In addition to the legacy approaches and strategies to serve for public health, Artificial Intelligence (AI), more specifically Machine Learning (ML), has been considered as an effective and complementary tool to address various cases threatening public health, particularly infectious and communicable diseases [8]. With this in mind and given a significant portion of the infected individuals can be asymptomatic (e.g., can be up to 30% positive-tested cases for COVID-19 [9]), acquisition of mobility patterns and clusters of residents in certain regions becomes critical to monitor, model and project community spread at large. To achieve this, it would be convenient, at low-cost and feasible to use the concepts of mobile crowdsensing [10]. This article proposes a novel methodology to mobilize assessment centers in the case of an epidemic or pandemic disease so to monitor, model and project the confirmed cases so to help decision makers at different levels of governments make strategies proactively for management and logistics for the public. To this end, the proposed methodology uses the concept of mobile crowdsensing to acquire spatiotemporal mobility data from individuals living and/or commuting in various regions of a city, and applies self-organizing feature maps (SOFM) to deploy mobile assessment centers for pandemic disease in an optimal manner so to achieve minimizing the population that has not been tested with the least possible number of assessment centers in the shortest possible time. The proposal leverages the idea of previously proposed SOFM for threat anticipation in a mobile crowdsensing environment where the objective was maximizing the affected population through malicious tasks/data [11]. Here, the objective is set to minimize the non-covered population in each region given the limited number of mobile assessment centers. Through a pilot study in a real streetmap, numerical results confirm that at the end of the 15th day, SOFM-based deployment and planning of assessment centers can reduce the non-covered (i.e., not tested) population less than one fourth of the case where assessment centers are randomly deployed with given number of destinations per day.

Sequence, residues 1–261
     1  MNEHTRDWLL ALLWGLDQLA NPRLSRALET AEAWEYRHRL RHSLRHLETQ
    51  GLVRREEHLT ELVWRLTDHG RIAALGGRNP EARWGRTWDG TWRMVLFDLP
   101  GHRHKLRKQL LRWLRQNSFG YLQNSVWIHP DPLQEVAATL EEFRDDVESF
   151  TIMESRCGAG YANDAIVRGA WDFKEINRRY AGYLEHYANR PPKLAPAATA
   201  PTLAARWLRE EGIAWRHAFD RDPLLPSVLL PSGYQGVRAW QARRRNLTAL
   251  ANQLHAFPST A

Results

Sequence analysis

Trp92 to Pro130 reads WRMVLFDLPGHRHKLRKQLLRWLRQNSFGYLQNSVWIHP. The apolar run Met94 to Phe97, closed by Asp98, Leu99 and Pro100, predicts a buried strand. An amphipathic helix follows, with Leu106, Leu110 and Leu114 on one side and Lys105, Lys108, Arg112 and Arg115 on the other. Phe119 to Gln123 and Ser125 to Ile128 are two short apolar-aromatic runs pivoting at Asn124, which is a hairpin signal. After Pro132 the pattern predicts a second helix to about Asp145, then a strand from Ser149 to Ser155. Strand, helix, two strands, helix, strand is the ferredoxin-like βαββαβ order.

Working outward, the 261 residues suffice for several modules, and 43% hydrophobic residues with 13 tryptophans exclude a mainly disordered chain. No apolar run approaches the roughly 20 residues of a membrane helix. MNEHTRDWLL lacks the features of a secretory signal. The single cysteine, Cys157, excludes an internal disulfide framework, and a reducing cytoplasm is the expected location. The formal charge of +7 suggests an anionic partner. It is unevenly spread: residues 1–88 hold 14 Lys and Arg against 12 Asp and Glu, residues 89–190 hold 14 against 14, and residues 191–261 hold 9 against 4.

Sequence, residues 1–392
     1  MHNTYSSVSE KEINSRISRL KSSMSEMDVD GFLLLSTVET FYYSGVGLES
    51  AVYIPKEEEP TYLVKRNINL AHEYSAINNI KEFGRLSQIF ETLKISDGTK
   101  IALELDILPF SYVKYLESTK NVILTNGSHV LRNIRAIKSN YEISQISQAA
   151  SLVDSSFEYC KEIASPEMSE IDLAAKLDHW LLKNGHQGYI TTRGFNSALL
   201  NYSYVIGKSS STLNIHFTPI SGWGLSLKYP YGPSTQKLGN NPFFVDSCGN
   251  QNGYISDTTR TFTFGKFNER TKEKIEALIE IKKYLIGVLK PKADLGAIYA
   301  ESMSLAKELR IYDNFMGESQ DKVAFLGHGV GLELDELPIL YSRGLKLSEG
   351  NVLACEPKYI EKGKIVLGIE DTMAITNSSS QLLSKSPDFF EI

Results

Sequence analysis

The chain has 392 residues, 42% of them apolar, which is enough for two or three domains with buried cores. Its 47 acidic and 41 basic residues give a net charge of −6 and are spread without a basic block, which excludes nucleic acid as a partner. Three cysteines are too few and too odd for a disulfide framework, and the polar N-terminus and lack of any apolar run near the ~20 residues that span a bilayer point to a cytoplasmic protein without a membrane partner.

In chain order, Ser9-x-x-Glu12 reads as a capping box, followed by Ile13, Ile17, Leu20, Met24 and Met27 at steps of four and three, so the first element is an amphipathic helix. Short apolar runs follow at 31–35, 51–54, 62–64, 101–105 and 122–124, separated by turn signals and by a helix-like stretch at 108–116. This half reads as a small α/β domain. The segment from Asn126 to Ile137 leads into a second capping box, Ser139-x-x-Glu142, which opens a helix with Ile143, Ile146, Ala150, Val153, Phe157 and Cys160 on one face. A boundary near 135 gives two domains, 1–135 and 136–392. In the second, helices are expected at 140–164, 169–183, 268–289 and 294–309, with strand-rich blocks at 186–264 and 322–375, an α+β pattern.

The rest of the article is organized as follows. In Section 2, we present the background and motivation for this study. Section 3 presents the proposed SOFM-based deployment and planning of mobile assessment centers for a pandemic disease. Section 4 presents extensive numerical results simulated on the street map of a real city. Finally, Section 5 concludes the article and provides future directions and open issues.